Nearly 4,000 acres was acquired by the State for the project and provided to without encumbrances — this is no mean achievement. The land is given on long lease to the project.

Considering the complexities, both regulatory and political, the support of the Government was strong but the pace could have been hastened with a more consistent approach.

A number of cities have taken up major infrastructure projects in terms of roads, flyovers, under-bridges and the like. Do you think the development of roads has kept pace with the growth in the population of vehicles?

Huge gaps do exist in the supply and demand levels of urban transport infrastructure in India. The vehicle population has grown beyond all averages particularly in the last 2-3 years, without a corresponding improvement in infrastructure facilities.

Transport infrastructure in urban areas is more of a subject of the States and local bodies who need to plan and implement these projects. Project funding is often a major issue of concern as the scarce funds flow to other priority sectors such as health and education, and transport infrastructure takes a backseat.

The well-crafted PPP model by the Central Government for infrastructure development with the concept of ‘User charges’ in highways, ports, and airports, is a difficult proposition in urban infrastructure and is yet to mature in the Indian context.

Are the State governments planning for growth and infrastructure development in pace with the growth in the economy?

The approach of the State governments towards infrastructure development is definitely positive and some of them have progressed quite ahead.

You can see certain State governments taking assertive initiatives in developing State highways in line with national highways. However, the concept of PPP model for infrastructure development in State government projects is yet to evolve in big way though some of the State governments are really enthusiastic and have made good headway by adopting this model. But, a well-designed framework of policies and transparency in awarding concessions is the prerequisite to ensure private participation in infrastructure.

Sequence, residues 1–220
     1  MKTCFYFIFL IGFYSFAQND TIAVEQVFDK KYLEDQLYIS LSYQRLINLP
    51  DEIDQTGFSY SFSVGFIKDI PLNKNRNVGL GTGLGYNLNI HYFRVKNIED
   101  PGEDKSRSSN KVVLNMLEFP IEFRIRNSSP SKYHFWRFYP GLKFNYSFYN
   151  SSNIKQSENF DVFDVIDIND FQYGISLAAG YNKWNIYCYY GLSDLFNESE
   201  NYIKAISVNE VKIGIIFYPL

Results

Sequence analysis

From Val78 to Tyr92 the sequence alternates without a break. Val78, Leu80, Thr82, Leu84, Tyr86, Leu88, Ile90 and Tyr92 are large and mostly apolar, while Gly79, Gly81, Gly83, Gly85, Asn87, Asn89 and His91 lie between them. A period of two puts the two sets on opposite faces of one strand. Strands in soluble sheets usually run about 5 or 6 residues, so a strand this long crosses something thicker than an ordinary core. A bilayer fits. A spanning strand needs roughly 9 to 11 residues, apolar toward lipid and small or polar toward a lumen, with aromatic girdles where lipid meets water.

What do you think about the plans for and the development of SEZs? Have they hit a road block because of the politically sensitive land acquisition issue?

Land acquisition has become very sensitive and with the soaring prices, it has become a political weapon leading to law and order problems. Further, there are no major SEZ (other than some IT SEZs) success stories, which have come up in a very big way to be touted as examples to encourage SEZ development.

Instead, they are seen as land grabbing methods by some groups. The Government must support the creation of some success stories.

How have inflation, the price rise, and the interest rates affected the housing sector?

Housing is an interest sensitive sector as both the ultimate real estate owner and the developer are exposed to interest rate risks. Thus, a rising interest rate regime has always been negatively correlated to the real estate growth.

Moreover, at the present juncture, banks also may not be eager for a higher exposure to the real estate sector.

Residential housing, especially for customers with EMI exposures, would be affected the most, in the short-run, as prospective customers would tend to postpone their purchase plans awaiting the downturn of the interest rate cycle.

The high-end residential segment may be more affected as such customers are usually people with strong financial position and are already homeowners. Large-scale residential projects catering to middle/lower income groups may be less affected.